New Year’s Resolutions

IMG_1402When Wildlife Rescue goes right! 3 baby Tawny Frogmouths at a care-giver's house cuddling up to a feather duster.

2014 was a difficult year for me personally. More than once I’ve found myself wondering why I put myself out there for animal rescue work. Some cases just break your heart, particularly if they’re due to something as fundamentally wrong as a human intentionally inflicting pain. I saw things last year that make it hard for me to sleep at night. There’s a reason I do what I do though, and I have to admit that coming home to my own pets and their antics gives me the motivation to get up each day.

That brings me to my New Year’s Resolutions. I want to find the positive in 2015. Like most people I’m fairly hopeless and tend to break resolutions within the first month of the year. The main problem seems to be that they’re just too unrealistic and hard to keep. We’re little more than a week into the year, and my resolution to not fall off any more ladders has already been broken. There was a possum rescue related injury that motivated this one. Luckily, apart from my knee I seem to bounce.

I have made one resolution that I think might make 2015 a memorable year for the right reasons, and it’s one that I’m sure other people might like to copy. I’ve found a use for the gift that my brother gave me at Christmas, but I'm getting ahead of myself. Before I tell the Christmas story, I'm going to give you a little background. I promise that all the details will come together in the end.

My brother and I don’t have much in common, but we’ve managed not to kill each other yet. He also moved house last year. While cleaning his house before he left, he somehow mixed up his rubbish bins. Recyclables were put in the garden waste bin, and the garbage collectors refused to take the bins. He telephoned me from the interstate telling me he’d gone on a holiday and couldn’t get back to fix it before his agent handed the keys to the new home owner. Could I go over and do it? Mentally calling my brother a few names, I did.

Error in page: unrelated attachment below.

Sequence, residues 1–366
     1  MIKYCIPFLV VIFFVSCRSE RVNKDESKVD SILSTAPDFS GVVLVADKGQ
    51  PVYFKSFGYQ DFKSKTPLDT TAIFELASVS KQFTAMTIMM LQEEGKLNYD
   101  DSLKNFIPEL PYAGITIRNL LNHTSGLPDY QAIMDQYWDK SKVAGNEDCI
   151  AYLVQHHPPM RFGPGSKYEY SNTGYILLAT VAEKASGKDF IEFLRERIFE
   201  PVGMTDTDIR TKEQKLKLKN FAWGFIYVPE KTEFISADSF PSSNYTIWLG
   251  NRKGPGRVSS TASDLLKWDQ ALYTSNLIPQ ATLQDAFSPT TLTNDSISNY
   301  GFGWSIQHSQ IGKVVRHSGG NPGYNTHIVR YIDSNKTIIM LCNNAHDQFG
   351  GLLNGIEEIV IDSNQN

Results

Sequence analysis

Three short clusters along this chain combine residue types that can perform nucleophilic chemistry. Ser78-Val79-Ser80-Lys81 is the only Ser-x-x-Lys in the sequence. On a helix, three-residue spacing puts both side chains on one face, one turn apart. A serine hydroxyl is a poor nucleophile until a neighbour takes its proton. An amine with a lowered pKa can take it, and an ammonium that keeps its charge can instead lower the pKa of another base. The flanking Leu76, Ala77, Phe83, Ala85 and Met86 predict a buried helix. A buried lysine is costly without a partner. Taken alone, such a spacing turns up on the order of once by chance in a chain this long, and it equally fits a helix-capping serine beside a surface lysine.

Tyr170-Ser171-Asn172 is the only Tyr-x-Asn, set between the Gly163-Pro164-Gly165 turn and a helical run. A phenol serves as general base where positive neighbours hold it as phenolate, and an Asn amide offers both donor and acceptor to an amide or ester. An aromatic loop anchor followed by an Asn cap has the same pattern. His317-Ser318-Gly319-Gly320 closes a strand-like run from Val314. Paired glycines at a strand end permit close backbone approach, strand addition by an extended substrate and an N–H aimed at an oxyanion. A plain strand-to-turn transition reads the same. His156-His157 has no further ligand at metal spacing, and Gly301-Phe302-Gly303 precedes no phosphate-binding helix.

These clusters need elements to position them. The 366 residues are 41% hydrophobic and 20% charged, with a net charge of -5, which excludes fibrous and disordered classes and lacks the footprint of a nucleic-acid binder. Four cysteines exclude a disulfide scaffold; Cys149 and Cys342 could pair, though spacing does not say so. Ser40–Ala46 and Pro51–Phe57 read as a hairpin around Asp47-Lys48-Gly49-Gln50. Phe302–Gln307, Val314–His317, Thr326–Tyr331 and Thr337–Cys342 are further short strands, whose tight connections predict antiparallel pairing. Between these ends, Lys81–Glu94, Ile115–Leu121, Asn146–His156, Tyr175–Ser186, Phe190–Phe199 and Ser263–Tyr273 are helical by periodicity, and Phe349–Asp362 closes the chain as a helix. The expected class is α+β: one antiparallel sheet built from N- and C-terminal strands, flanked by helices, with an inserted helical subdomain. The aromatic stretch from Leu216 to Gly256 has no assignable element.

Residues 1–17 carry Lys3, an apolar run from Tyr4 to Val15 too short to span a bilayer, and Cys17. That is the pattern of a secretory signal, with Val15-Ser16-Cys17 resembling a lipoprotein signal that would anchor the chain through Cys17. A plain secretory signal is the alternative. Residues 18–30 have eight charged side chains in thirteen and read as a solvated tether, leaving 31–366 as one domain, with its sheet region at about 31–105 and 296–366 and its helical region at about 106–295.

Do you know what happens to a carton of pineapple juice if it is left in a warm rubbish bin in the sun for a few weeks? It isn’t pretty. All I had to do was lightly touch the carton, and it exploded all over me. The smell was something awful! However, the experience really improved my relationship with my brother because he found that particular incident highly amusing.

How is this relevant to birds? Well think of the times you’ve had someone visit your house, and they’ve done something to annoy you. How do your birds treat that person? Birds have an amazing ability to pick up on the subtlest emotions of their favorite humans. It goes without saying that my brother, who already dislikes birds, is automatically in trouble when he visits.


 Insert a Christmas family gathering into my situation. Picture the expression on my face as I opened the following gift from my brother: a hard-covered notebook covered in pictures of pineapples. The sight of a pineapple is enough to make me nauseous. So, while it was an amusing gift, I can well imagine that my facial expression showed some sign of the memory the gift brought up.

I actually do like it, I’m just not that fond of pineapples anymore!



Before I could even react to the gift, my birds responded accordingly. The next thing I knew Fid, my blue and gold macaw, was pelting my brother with walnut shells. (Note: he won’t share the nut.) My brother was less than pleased and said something suitably nasty to Fid. Fid promptly roared, “SHUTUP!” This made all of the other guests laugh and say, “Yeah, shutup!” to my brother pretty much anytime he spoke during the day. I almost felt sorry for him.



If I’m honest, I have to admit that bouncing sharp bits of broken walnut shell off my brother’s bald head looked like a lot fun. My brother turns a particular, pretty shade of purple when he’s annoyed. One of the downsides of becoming an adult is that this kind of behavior is no longer excusable. I know better. Unfortunately for my brother, I just happen to keep a range of pets who don’t.

That brings me to my New Year’s Resolution. I’m going to use that pineapple notebook weekly to record an example of something that my animals have done to make me laugh. My first entry is obviously a description of walnut shells bouncing off my brother’s scalp.

My pets make me laugh daily. So by the end of the year I should have a book that will make me smile no matter how horrible my day has been. I’m thinking weekly is more realistic and achievable than daily; therefore, this is one resolution I’m hoping to keep! A book like this should be something I can treasure long after my pets are gone.

What are your New Year’s Resolutions? Tell us in the comment section below.

Mel Vincent works as an animal rehabilitator out of Australia.


1 comment

Susan Dawe

Proud mom of Snow, Willow, Henry, and Sydney. My cockatiels range in age from ten to 3 months. A day doesn’t go by without some pretty funny shenanigans. Love your idea of recording them in a journal!

Susan Dawe

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